Neurodevelopmental impairment contributes to the hallmark cognitive disability in individuals with Down syndrome (DS, trisomy 21, T21).
A new paper published by Anita Bhattacharyya, PhD reveals that the differences in brain structure in individuals with Down syndrome (DS or Trisomy 21) may be due to disrupted signaling pathways that alter brain development to result in the incorrect number or placement of cells in the brain.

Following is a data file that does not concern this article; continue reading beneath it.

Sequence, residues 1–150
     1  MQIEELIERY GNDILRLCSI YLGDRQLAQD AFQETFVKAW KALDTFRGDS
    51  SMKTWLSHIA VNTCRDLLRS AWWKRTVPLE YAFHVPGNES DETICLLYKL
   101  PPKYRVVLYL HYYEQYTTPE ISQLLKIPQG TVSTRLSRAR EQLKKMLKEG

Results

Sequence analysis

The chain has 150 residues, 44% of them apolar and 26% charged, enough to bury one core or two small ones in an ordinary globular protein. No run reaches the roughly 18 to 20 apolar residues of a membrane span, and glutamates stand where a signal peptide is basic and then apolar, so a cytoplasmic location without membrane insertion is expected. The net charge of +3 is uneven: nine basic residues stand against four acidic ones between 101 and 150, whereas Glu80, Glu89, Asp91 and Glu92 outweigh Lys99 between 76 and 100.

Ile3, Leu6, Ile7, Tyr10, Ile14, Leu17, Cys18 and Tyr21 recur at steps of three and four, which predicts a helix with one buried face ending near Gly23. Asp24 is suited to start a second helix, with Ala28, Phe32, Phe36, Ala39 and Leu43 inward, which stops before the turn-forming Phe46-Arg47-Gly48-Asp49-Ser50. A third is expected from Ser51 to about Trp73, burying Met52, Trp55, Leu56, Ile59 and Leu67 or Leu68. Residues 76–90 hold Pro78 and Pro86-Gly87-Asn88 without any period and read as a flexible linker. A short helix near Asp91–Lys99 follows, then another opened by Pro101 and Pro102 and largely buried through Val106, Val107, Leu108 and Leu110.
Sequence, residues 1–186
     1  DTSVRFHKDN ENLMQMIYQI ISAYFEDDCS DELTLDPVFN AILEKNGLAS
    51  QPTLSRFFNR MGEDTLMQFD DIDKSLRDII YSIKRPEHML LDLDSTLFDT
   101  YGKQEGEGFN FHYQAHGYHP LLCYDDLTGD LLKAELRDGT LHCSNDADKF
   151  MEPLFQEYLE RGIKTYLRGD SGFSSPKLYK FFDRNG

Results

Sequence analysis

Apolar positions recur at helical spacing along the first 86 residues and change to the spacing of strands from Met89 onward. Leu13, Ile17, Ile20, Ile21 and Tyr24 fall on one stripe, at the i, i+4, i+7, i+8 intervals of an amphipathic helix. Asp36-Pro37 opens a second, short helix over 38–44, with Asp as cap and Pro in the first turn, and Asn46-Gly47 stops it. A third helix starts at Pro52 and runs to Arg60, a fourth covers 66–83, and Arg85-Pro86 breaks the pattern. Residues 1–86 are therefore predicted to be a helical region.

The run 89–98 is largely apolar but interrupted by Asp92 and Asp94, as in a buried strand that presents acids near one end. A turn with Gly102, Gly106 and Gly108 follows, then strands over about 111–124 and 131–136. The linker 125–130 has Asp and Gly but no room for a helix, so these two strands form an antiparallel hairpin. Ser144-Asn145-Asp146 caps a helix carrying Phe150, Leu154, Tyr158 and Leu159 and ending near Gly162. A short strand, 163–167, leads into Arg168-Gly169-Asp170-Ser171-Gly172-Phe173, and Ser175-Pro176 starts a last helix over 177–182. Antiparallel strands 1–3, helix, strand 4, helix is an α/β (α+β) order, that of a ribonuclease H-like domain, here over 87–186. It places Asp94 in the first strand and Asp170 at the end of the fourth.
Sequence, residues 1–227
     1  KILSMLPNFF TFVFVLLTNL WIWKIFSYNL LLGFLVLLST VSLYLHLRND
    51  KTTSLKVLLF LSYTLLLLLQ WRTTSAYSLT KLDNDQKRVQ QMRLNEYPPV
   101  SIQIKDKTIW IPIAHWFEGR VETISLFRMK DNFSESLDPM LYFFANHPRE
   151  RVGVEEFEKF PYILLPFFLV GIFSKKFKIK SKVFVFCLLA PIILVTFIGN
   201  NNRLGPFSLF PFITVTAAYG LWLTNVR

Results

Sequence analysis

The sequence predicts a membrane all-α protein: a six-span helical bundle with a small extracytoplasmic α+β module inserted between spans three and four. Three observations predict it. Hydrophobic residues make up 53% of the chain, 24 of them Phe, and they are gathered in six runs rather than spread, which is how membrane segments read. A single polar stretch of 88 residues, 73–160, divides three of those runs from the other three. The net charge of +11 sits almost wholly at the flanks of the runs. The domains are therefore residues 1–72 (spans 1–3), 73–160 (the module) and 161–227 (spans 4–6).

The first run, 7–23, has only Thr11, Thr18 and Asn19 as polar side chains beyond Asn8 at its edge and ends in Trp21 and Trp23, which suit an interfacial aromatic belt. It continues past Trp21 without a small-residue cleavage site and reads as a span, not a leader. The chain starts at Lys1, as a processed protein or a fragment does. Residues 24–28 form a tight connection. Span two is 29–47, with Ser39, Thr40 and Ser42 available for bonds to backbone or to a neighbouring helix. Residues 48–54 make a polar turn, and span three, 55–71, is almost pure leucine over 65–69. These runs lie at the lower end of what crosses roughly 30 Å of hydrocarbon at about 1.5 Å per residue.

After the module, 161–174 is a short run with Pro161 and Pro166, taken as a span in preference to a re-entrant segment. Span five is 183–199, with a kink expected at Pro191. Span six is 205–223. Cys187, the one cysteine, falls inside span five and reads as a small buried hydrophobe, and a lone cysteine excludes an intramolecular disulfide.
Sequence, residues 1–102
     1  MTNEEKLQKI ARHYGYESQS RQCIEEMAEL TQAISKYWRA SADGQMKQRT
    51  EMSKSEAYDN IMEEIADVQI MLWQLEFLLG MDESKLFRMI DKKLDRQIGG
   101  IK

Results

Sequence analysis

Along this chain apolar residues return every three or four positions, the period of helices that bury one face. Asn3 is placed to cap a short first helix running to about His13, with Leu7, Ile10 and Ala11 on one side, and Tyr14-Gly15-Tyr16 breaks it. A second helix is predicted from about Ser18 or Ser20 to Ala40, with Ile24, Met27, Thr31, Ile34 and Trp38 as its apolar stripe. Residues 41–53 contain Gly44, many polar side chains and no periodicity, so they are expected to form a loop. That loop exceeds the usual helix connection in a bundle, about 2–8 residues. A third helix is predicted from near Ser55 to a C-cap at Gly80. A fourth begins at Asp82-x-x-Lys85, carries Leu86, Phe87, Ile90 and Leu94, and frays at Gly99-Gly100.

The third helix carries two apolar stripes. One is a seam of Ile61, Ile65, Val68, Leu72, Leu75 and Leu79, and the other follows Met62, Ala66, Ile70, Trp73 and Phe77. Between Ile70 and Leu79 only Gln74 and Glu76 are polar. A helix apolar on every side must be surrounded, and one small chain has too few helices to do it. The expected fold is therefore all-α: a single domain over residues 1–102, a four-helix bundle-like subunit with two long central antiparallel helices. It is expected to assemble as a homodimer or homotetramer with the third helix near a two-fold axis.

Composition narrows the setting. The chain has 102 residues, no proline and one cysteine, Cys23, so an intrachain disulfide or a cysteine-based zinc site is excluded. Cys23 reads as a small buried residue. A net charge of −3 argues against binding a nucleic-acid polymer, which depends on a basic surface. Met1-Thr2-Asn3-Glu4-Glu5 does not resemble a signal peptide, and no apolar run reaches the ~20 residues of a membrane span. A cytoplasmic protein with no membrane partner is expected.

Adults with Down syndrome (DS) are predisposed to Alzheimer’s disease (AD) and a characterization of glucose metabolism change throughout AD progression has yet to be performed in this population. Using FDG PET, regional glucose metabolism was evaluated across groups of cognitively stable DS (CS-DS), DS with mild cognitive impairment or Alzheimer’s disease (MCI-DS/AD), and healthy non-DS sibling controls.
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